What is the figurative meaning and literal meaning of Oasis, philosopher's stone, the pyramid of Egypt, and Sycamore Tree?

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Jamie Wheeler eNotes educator| Certified Educator

Coehlo is writing in a genre called "magical realism" (sometimes also called "magic realism"). Magical realism is a style of writing that blends both the ordinary and the fantastic but treats both equally and matter-of-factly. All of the things you mention here (the oasis, the philosopher's stone, the pyramid, and the sycamore tree) all function within this realm of magical realism, as all are both ordinary and extraordinary.

The "oasis", as a literal place, is a location in which the caravan can stop for respite, primarily because it has water, a resource obviously in short supply in the desert. Metaphorically, the oasis is also the place where Santiago's soul can be refreshed, for here he meets Fatima. Their meeting in the oasis is significant because they must endure a trial. Fatima accidentally spills some of the precious water. They learn to be careful and protective of the resource, and careful and protective of their love.

The philosopher's stones are plural: there are two of them. On the surface, they appear to be ordinary rocks. However, the pair, named "Urim and Thummim", have magical properties of divination. When Santiago finds himself in a quandary, he can ask the stones a direct "yes or no" question and receive an answer. The catch is that Santiago must choose his question wisely as the stones can be used only once. No one must know too much about their future.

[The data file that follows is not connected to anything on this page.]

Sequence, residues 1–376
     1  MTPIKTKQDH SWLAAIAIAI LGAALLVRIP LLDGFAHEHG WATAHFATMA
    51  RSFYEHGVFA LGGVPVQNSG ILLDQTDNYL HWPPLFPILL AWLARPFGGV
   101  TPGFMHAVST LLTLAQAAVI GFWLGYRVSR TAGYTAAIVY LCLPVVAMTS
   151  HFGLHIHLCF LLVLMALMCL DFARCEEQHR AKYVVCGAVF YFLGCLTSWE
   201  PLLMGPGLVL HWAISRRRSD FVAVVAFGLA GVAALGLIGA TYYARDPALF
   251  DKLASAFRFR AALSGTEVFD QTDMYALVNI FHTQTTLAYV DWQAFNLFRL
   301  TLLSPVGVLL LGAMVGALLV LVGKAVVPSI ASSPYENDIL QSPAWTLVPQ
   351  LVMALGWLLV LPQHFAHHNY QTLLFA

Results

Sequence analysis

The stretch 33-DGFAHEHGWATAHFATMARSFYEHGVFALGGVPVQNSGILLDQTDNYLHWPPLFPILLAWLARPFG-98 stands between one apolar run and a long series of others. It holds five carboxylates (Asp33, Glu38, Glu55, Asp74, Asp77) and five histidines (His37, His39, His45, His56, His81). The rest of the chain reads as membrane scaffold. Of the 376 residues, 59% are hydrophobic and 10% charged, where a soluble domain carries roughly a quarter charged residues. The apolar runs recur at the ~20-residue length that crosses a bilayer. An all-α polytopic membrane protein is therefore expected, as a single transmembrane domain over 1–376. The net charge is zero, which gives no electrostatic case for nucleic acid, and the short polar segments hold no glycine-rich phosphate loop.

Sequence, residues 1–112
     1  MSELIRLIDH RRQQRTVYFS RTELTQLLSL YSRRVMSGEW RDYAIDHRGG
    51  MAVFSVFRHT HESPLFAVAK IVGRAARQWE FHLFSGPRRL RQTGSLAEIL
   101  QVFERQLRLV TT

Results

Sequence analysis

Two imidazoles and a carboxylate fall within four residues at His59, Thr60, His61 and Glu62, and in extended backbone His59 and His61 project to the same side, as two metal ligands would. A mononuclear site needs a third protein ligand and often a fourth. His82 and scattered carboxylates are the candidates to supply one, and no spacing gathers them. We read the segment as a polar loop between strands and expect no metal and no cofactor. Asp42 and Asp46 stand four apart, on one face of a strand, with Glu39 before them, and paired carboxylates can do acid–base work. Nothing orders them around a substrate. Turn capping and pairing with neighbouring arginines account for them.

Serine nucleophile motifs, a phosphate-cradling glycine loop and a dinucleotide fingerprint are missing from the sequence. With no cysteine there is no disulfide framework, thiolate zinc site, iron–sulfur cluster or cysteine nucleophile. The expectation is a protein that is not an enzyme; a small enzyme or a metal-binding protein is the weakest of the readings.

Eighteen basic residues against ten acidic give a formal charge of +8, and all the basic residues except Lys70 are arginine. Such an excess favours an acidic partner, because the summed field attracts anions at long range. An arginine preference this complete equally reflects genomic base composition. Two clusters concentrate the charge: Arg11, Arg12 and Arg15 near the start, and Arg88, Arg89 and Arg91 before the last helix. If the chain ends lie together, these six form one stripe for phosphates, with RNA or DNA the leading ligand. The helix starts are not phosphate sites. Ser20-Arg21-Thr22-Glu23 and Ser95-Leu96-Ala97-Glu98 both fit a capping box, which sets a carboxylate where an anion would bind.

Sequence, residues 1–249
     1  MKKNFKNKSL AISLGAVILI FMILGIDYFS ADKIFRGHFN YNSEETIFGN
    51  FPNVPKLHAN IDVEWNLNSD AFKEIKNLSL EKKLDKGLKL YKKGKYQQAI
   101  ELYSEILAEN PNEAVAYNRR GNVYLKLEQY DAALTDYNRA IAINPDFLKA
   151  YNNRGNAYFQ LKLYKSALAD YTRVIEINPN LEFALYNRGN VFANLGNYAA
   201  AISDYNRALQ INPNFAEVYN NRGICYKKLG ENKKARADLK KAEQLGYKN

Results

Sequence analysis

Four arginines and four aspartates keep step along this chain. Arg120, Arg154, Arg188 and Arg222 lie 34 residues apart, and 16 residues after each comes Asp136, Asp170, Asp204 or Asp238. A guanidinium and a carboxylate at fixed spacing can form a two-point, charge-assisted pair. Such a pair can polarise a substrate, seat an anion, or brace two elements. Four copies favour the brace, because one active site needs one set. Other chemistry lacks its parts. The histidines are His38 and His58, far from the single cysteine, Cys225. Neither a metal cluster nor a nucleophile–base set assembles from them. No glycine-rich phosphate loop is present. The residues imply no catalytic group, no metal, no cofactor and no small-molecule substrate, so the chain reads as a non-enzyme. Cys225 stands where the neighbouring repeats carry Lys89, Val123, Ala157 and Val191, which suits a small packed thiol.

The pyramids of Egypt, of course, are real. Pharaohs are buried in the opulent tombs built for them by slaves. But pyramids have long been a subject of mysticism; powers ascribed to being near pyramids include healing and preservation. The shape and points of a pyramid are important as well. Triangles, of course, have three sides. When Santiago reaches the pyramids, he meets the two robber boys; each boy represents a point on the pyramid. Additionally, the pyramids are where Santiago finds the scarab, telling him he must journey back to where he began, thus testing his now-honed virtue...patience.

The sycamore tree is a real tree, naturally. Sycamores are indigenous to Egypt. Santiago first begins his journey asleep under a sycamore tree; it is to this same tree he returns to at the end of his journey to discover both his "Personal Legend" and his quest to uncover the "Soul of the World."

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The Alchemist

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